The teachers are not the only ones that get excited about an interdisciplinary approach to teaching. Students also enjoy lessons that teach and assess multiple subject areas at once. In Paul Stapleton’s article, “Language teaching research: Promoting a more interdisciplinary approach” students express their opinions about lessons that infuse learning a language with other subjects. Specifically Stapleton writes about how students felt more motivated to learn the language (Stapleton).
Overall, the idea of integrating multiple subjects and disciplines into one lesson or unit plan is extremely beneficial for the teacher and his or her students. Planning instruction with an interdisciplinary approach allows teachers to teach and assess multiple standards at once. In reality, this method of instruction aligns closely with the way problems and tasks are solved in the real world. Most careers in today’s society do not involve a series of isolated tasks or disciplines. In other words, the innovative adults that are positively contributing to the global economy are able to solve problems that require Science and Math rather than just one or the other. If the 21st century workforce is interdisciplinary, so should today’s instruction.
Benefits of blended learning
In September 2014 Edutopia published an article titled “Blended Learning: Making it Work in Your Classroom.” The article describes the successes that the P.K. Yonge Developmental Research School has had with blended learning practices. Specifically the article about this Gainesville, Florida school reads, “blended learning provides the school with a variety of ways to address student needs, differentiate instruction, and provide teachers with data for instructional decision-making” ("Blended Learning: Making it Work in Your Classroom"). Personalizing instruction and gathering useful data are both critical components that go into planning a well written interdisciplinary, blended online units of study.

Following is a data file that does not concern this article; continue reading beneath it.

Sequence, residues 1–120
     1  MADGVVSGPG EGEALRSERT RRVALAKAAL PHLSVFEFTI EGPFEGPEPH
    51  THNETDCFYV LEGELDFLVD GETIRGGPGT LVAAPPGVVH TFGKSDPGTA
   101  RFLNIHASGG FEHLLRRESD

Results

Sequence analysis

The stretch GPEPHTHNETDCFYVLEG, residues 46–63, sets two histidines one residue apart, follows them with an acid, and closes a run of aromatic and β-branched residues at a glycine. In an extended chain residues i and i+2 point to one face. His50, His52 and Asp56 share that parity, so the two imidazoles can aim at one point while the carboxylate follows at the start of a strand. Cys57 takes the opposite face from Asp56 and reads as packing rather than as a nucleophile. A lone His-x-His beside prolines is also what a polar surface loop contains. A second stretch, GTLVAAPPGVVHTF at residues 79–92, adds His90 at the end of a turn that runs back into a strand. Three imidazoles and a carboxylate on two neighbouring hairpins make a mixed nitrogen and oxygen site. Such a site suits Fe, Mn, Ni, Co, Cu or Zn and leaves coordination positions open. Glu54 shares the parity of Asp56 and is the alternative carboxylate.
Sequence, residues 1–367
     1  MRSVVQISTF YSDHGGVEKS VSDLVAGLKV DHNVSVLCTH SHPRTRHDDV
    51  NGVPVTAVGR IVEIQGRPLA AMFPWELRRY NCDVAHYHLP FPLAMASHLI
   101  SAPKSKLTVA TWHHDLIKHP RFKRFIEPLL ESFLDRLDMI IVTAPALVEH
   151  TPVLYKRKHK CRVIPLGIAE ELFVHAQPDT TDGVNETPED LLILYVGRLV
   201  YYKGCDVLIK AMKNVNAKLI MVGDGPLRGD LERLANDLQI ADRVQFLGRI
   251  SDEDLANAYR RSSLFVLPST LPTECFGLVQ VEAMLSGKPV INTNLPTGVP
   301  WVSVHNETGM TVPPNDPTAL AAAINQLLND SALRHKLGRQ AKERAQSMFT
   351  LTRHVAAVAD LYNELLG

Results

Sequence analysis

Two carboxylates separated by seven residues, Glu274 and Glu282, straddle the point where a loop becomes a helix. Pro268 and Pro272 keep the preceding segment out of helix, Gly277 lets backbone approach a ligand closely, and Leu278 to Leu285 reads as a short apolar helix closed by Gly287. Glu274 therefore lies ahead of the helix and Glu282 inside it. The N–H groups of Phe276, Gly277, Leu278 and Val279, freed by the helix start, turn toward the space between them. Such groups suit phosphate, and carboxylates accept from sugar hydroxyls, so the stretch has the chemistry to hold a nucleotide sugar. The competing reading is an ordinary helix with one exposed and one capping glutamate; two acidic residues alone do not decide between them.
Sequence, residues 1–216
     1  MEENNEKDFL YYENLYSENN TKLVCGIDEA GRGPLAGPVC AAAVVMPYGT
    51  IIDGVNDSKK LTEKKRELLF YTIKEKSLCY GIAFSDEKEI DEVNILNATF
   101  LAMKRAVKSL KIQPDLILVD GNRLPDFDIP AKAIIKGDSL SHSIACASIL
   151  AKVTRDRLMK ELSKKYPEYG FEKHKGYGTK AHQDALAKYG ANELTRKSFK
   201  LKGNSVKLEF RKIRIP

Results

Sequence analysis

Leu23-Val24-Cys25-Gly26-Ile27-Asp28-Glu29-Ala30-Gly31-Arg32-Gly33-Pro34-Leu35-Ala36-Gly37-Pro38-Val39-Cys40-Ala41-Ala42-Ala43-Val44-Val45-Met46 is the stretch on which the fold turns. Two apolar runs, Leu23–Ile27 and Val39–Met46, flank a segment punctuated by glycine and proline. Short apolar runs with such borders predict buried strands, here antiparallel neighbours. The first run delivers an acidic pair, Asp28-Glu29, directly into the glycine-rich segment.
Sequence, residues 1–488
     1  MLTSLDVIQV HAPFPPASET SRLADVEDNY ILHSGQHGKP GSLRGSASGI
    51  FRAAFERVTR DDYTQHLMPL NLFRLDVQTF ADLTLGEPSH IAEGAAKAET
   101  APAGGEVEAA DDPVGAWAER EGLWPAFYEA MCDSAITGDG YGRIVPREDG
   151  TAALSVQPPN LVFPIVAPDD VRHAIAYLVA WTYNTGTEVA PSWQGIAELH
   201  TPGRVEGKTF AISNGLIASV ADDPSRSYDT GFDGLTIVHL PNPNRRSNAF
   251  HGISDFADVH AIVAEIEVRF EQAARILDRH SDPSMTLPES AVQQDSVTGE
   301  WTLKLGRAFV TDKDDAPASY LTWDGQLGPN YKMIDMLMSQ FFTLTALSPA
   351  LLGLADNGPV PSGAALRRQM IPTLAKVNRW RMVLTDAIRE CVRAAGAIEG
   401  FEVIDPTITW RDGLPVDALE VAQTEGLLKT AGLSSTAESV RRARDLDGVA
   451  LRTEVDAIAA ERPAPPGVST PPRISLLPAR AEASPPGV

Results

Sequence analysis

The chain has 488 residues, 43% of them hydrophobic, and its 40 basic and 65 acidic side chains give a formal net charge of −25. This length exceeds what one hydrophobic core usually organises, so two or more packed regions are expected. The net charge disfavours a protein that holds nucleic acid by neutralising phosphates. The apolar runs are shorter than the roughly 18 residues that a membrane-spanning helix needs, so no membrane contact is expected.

During the unit planning process, teachers need to think about three main principles; access, engagement, and time. Teachers must first understand what technology tools their students have access to at school and at home. They also need to be cognizant of logistics such as wireless connectivity and device support. In other words, all students in a class might claim they have internet access at home. If half of these students claim they only have access to an iPod or iPhone, there is a possibility that the instructional resource could not work on that device. I have found that even students in high poverty areas often have out of school access to the internet. Whether it be at home or a public place like the library, students as young as 4th and 5th grade are already posting videos to YouTube, blogging, and gaming online. For students who claim that they are not be able to engage in digital media consumption outside of school, I look for alternative solutions. For example, I have even offered to burn DVDs for students in the past. Not a single student has ever taken me up on this offer.